|Toyota Hilux N10 circa 1968|
Introduced March 1968
The idea of creating a car-like light truck with a flatbed loading area been around for more than 100 years. Eventually termed “pickup trucks”, these vehicles were at first popular workhorses but eventually they also became “lifestyle vehicles” as well.
Although the Ford F-Series is probably the most famous range of pickups in the US (and sales are protected through the curiously named “Chicken Tax”), the Toyota Hilux – introduced in March 1968 – is probably the most famous worldwide. Now in its eighth generation, the Hilux can be found all over the world performing a huge variety of tasks. And somewhere along the way, the Hilux became a bit of a legend.
Back in 1968 Toyota’s main pickup offering had the rather unexciting name of the “Stout”. As the name implies the Stout was rather utilitarian inside, so making a more luxurious sibling wasn’t hard. Even so, calling it “Hi-Lux” was a bit cheeky.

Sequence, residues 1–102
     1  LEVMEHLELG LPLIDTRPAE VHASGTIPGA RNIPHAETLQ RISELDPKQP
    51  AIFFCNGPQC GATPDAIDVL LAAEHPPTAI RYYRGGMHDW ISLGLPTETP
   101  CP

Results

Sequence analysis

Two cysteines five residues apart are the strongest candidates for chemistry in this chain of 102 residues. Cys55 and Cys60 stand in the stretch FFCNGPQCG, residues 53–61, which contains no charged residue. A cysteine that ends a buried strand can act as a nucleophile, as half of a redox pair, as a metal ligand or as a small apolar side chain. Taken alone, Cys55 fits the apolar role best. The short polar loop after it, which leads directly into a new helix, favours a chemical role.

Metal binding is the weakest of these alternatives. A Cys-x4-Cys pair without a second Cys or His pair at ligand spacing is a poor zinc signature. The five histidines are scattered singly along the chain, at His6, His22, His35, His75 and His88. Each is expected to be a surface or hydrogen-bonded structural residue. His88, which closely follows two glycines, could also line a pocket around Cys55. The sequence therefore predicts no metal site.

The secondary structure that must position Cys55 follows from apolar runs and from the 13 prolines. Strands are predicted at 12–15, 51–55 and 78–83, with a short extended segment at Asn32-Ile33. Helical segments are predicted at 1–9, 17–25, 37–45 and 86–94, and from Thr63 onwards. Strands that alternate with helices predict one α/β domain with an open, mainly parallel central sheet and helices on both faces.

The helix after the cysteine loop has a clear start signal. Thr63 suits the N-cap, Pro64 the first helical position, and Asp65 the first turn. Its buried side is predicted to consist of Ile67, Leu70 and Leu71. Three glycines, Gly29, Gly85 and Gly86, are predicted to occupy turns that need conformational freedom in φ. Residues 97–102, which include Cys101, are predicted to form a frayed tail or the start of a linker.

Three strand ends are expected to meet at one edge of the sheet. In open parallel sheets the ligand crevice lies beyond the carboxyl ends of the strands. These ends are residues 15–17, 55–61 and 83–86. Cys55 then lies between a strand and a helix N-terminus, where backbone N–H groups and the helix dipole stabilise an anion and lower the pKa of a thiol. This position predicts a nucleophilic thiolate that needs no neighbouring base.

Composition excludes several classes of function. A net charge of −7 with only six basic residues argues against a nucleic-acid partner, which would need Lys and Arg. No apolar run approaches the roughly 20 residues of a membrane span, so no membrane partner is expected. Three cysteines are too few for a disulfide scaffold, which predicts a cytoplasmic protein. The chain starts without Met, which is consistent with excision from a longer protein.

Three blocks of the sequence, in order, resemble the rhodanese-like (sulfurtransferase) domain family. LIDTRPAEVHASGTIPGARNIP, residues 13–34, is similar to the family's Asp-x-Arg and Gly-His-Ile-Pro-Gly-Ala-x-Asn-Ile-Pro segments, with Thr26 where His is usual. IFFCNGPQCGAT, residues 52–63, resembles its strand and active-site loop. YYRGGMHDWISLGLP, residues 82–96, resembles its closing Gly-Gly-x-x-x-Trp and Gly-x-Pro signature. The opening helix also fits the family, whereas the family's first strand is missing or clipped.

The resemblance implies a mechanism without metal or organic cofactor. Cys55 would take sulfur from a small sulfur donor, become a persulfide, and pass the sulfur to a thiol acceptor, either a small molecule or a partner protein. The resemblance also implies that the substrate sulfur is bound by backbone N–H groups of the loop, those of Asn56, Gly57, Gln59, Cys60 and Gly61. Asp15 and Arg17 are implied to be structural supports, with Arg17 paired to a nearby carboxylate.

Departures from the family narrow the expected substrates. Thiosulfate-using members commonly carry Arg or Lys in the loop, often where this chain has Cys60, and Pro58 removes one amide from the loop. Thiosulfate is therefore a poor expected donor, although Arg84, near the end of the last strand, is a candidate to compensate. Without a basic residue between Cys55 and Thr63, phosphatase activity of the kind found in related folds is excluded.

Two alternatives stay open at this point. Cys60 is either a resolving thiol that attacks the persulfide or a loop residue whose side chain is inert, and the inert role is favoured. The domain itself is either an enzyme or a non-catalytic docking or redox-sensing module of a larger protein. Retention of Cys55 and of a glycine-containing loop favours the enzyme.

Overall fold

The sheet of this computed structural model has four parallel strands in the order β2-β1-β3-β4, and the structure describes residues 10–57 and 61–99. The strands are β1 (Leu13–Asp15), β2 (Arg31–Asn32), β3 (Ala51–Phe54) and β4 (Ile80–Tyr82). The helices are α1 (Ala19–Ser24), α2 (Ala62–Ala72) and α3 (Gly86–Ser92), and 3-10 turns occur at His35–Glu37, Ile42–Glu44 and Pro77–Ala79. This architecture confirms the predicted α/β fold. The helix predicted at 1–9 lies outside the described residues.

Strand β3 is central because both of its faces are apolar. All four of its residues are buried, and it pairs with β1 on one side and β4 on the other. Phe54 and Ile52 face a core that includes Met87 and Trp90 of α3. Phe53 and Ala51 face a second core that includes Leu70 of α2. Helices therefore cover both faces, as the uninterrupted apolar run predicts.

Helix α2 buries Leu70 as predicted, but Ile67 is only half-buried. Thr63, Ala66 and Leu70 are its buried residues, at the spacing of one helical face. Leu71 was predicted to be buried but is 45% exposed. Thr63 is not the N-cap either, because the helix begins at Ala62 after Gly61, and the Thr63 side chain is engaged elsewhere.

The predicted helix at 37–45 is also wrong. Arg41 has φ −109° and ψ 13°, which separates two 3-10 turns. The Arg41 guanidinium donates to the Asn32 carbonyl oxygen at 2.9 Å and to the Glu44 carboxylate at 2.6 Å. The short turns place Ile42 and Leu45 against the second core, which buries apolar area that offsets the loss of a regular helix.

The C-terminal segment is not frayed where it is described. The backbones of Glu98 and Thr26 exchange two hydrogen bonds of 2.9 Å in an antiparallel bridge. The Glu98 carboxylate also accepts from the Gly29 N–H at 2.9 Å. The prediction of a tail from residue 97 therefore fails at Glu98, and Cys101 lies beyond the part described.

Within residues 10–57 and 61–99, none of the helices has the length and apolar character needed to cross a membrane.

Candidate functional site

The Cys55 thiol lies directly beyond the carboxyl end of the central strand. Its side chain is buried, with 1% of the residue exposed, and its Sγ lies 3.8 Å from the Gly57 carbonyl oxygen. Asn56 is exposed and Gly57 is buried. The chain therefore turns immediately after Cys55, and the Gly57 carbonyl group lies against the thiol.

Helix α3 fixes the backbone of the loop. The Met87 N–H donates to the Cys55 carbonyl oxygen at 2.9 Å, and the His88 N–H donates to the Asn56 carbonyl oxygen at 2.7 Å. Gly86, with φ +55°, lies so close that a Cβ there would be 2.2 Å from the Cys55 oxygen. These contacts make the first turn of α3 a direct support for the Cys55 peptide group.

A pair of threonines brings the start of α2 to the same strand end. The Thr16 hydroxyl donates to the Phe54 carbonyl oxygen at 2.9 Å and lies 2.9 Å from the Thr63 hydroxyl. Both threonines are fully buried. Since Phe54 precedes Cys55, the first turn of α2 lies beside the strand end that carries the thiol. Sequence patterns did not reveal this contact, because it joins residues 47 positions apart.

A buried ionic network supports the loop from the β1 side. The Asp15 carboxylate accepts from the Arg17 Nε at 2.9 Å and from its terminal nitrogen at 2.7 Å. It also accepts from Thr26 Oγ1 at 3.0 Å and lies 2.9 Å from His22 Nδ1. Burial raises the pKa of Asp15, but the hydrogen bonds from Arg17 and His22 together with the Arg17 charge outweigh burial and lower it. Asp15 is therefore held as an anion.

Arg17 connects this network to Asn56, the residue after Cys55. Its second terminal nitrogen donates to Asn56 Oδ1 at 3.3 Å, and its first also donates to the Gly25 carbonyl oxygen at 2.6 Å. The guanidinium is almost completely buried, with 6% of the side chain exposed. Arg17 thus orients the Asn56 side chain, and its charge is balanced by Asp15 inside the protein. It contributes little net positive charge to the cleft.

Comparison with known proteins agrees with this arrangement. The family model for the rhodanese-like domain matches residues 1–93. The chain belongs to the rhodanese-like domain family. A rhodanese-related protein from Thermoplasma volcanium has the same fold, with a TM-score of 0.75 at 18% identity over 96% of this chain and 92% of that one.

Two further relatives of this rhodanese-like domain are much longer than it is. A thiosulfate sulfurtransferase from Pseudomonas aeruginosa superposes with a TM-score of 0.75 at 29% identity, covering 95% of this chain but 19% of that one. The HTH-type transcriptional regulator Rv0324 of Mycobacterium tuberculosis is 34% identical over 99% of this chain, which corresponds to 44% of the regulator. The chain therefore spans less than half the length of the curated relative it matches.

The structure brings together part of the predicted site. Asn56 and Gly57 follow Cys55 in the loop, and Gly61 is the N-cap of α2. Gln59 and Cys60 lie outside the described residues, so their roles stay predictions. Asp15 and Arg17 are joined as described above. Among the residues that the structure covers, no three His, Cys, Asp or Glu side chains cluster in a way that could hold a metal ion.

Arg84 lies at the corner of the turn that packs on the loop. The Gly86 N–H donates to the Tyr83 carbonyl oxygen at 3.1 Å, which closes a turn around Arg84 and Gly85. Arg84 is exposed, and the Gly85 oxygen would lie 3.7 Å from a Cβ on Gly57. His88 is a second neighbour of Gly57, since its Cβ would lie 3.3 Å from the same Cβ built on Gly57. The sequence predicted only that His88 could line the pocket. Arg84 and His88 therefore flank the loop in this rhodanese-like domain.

The Hilux was a huge success and became Toyota’s main pickup offering (the Stout ceased production in 1989). Fifty years later and the Hilux is in its eighth generation and has a reputation for reliability and versatility which sees it everywhere from being a dependable workhorse for all sorts of enterprises to a popular choice for armed insurgents in the guise of the “Technical”.
Prices for classic Toyotas are strong, but finding a vintage Hilux is hard. A modern one will cost you upwards of £20,000 new – if you can find an original 1968 Hilux N10 then expect to pay much more.
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